East Hampton Village recently voted to ban the sale and...

East Hampton Village recently voted to ban the sale and use of plastic foam food containers. Credit: Newsday / Alejandra Villa

The sale or use of plastic foam food containers will no longer be allowed at East Hampton Village businesses.

The village board of trustees in a 5-0 decision on Friday adopted a new law that makes it illegal for businesses to use or sell single-serve plastic foam items, including food containers, cups, trays and coolers.

Stores that sell raw meat packaging or prepackaged food items will be exempt, East Hampton officials said.

“A ban like this 15 years ago would have been controversial, but there are a lot of new options for restaurants and food service companies,” East Hampton Village Administrator Becky Hansen said Monday.

Plastic foam food containers can be a recyclable product but the board decided on the ban because it’s not as easy to recycle, Hansen said.

The new law is expected to go into effect by Aug. 1.

Village officials must first file the legislation with the New York State Department of State.

There were no comments from the public at a hearing about the ban, but board members did receive two letters in opposition of the law.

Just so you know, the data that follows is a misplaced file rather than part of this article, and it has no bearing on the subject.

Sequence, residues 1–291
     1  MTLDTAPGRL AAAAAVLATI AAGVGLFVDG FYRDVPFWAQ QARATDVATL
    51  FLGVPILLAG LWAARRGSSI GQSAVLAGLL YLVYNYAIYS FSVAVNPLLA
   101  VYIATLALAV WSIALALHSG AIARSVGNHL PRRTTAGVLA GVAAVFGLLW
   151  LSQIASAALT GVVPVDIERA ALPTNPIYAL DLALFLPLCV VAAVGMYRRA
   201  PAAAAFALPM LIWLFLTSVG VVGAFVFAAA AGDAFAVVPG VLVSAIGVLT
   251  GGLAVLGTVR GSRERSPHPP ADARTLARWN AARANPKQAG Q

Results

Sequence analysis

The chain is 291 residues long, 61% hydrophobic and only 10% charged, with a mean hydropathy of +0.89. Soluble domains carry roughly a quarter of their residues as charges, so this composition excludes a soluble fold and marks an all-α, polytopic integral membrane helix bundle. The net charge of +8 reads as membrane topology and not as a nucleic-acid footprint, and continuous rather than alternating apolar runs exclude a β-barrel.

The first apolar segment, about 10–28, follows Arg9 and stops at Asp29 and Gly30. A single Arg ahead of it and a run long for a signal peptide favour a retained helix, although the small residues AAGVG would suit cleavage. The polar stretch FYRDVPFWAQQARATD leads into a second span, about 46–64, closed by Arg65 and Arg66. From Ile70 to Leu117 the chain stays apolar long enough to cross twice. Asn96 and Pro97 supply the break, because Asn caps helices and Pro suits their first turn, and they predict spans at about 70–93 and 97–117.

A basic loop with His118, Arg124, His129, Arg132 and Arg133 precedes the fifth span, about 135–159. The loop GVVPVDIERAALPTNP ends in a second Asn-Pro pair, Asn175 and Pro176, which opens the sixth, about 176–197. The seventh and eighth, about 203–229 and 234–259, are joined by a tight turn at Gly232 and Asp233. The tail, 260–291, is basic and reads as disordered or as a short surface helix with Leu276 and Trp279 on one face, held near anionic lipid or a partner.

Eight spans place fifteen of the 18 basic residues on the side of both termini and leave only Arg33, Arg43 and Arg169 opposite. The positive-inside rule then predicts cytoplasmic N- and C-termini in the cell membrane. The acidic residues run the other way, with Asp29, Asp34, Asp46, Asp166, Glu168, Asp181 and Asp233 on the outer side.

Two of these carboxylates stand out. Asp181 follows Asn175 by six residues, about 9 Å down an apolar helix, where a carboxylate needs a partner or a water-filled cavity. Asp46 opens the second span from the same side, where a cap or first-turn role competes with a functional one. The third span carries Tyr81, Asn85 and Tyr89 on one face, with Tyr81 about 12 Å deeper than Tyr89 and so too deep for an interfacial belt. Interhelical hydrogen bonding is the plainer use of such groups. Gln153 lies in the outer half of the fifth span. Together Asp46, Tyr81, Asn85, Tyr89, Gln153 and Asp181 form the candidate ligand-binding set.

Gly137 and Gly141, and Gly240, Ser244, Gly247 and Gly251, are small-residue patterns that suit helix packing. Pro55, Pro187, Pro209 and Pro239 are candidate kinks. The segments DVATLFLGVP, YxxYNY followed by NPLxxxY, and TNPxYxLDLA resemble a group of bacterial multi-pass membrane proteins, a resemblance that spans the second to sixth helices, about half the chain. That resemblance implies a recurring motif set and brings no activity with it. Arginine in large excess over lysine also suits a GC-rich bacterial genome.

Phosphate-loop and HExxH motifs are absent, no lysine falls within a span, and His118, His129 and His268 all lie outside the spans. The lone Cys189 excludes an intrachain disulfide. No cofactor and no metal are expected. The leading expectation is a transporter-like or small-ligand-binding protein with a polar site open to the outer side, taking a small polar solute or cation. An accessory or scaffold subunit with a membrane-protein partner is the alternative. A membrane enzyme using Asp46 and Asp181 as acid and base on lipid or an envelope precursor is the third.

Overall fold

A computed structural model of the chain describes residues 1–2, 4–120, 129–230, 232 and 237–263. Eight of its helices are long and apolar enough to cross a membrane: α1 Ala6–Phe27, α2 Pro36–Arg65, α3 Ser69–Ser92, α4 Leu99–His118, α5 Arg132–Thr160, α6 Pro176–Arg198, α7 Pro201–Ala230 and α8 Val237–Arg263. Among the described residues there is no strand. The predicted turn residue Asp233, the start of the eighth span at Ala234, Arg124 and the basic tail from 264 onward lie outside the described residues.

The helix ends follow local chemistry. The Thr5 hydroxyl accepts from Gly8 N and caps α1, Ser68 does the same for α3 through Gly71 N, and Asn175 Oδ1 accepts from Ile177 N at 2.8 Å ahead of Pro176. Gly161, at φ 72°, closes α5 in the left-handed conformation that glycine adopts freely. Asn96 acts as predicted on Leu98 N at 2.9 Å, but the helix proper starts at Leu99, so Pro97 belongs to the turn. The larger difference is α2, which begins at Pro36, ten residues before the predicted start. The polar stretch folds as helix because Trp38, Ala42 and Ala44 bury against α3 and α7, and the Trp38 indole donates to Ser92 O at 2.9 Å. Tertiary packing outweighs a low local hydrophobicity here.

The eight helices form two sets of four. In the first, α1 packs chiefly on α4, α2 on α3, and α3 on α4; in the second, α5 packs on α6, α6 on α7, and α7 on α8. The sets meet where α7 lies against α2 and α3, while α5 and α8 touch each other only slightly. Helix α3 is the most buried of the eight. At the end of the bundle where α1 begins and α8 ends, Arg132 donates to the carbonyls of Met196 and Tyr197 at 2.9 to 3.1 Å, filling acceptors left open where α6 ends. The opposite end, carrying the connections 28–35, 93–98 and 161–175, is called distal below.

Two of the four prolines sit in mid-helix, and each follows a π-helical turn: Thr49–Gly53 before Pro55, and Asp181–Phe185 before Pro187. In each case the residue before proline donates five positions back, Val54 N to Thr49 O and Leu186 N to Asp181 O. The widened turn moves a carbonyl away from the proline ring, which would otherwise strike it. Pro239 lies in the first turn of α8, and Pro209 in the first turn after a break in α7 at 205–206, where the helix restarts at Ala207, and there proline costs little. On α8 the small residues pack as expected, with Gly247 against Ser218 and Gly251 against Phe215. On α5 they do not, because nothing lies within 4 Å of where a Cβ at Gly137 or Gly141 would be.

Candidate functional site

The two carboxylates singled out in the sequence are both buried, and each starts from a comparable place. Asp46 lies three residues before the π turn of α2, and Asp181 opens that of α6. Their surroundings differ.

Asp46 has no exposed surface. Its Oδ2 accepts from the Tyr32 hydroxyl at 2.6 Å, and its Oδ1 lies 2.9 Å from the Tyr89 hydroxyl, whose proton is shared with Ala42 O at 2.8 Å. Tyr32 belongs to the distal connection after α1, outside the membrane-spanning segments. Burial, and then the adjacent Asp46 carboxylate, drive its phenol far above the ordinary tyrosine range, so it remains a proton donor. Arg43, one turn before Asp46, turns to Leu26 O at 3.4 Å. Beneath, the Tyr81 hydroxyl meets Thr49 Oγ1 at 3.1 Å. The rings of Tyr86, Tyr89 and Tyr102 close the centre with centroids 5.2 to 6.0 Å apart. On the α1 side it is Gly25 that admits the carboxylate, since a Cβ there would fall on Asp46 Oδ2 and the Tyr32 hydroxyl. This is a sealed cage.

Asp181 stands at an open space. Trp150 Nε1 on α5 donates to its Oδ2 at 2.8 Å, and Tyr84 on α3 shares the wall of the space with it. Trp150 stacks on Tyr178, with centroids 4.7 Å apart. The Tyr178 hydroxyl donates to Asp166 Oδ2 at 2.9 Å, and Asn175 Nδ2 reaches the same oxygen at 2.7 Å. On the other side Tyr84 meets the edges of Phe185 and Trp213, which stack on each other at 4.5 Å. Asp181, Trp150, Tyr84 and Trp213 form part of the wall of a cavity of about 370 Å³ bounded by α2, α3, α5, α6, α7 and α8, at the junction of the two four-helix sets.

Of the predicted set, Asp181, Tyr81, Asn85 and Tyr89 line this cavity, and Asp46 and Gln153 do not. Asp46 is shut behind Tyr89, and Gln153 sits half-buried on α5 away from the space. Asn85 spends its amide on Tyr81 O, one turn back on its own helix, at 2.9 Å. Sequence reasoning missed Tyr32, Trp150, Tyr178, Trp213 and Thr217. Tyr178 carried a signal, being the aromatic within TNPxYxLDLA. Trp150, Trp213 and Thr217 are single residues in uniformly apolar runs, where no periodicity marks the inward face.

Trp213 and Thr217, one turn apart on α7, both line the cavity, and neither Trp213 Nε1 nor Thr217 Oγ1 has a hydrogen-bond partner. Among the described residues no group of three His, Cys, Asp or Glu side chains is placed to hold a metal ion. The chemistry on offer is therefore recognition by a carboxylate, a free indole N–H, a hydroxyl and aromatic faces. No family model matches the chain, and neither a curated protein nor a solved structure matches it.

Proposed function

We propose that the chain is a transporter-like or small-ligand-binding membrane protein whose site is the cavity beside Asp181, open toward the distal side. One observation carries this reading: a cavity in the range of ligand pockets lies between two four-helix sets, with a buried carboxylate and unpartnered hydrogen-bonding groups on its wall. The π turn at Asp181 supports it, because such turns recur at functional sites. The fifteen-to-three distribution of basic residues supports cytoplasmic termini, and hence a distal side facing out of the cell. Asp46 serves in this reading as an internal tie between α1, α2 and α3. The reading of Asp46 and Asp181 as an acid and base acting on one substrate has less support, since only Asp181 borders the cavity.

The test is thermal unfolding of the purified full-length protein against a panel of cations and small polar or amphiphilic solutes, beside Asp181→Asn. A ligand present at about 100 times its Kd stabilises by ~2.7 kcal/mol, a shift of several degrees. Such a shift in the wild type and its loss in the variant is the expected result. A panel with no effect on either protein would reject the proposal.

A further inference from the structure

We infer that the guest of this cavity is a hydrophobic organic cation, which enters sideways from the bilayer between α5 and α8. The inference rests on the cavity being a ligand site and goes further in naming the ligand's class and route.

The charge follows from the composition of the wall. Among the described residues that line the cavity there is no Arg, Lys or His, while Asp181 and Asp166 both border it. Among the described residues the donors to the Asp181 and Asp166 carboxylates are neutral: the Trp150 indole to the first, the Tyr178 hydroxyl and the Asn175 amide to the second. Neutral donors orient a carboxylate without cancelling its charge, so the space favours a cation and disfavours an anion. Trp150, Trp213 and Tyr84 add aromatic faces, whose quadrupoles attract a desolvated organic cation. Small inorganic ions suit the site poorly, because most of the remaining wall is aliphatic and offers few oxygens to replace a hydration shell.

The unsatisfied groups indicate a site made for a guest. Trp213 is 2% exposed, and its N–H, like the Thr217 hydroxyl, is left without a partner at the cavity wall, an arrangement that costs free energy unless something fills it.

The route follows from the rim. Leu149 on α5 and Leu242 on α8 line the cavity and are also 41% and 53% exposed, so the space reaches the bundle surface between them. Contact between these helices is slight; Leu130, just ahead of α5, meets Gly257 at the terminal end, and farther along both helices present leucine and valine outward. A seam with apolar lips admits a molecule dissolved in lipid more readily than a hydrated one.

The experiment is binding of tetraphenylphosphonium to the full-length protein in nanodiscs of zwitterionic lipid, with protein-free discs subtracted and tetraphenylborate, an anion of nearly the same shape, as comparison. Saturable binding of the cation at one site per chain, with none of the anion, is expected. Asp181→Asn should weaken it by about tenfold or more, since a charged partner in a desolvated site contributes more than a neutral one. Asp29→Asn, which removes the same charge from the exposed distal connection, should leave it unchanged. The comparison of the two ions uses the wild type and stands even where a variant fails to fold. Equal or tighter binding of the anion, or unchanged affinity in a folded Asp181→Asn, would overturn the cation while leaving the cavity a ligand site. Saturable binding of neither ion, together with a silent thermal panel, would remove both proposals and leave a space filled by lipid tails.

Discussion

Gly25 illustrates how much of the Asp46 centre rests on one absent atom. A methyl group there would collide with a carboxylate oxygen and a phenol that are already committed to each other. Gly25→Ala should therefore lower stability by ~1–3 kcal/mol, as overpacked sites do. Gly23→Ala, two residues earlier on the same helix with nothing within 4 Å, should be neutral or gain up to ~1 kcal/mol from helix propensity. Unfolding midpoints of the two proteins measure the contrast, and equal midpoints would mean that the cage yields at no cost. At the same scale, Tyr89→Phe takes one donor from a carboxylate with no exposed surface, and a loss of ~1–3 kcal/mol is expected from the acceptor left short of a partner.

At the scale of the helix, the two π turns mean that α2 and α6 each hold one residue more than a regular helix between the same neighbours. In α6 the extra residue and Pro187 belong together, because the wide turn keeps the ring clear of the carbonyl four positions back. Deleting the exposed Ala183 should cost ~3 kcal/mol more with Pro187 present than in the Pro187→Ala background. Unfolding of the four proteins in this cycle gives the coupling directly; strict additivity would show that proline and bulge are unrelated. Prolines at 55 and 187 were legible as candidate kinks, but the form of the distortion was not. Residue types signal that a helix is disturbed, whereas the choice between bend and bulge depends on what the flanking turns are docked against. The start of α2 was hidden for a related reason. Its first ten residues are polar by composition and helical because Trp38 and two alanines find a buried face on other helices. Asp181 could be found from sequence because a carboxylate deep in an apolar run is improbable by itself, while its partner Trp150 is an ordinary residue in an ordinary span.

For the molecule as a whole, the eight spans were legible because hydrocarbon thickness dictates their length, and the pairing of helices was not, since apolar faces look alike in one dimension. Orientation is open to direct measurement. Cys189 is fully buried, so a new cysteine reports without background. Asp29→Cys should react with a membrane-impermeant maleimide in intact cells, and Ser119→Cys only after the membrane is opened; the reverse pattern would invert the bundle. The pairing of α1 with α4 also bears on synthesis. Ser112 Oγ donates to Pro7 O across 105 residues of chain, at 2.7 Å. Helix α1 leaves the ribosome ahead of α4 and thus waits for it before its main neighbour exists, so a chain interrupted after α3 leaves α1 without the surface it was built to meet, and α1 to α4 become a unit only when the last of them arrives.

One was from the American Chemistry Council and the other was from Michigan-based Dart Container Corp., a food service container producer.

Board members had been mulling the ban for months, but their efforts intensified earlier this year after Patchogue village adopted a similar ban.

East Hampton contacted Patchogue for a copy of its legislation.

“The Village of Patchogue is pleased that East Hampton has taken this step, and we’re encouraging all neighboring villages to follow suit,” said Patchogue Trustee Joseph Keyes, who spearheaded the plastic foam container ban in his village.

Dozens of municipalities nationwide, including New York City, have adopted such bans.

Some commercial operations have stopped using plastic foam containers.

Dunkin’ Donuts plans to do away with plastic foam cups in its shops worldwide.

The Restaurant Action Alliance of New York has argued that the materials are recyclable and that more costly alternatives unfairly hurt small businesses.

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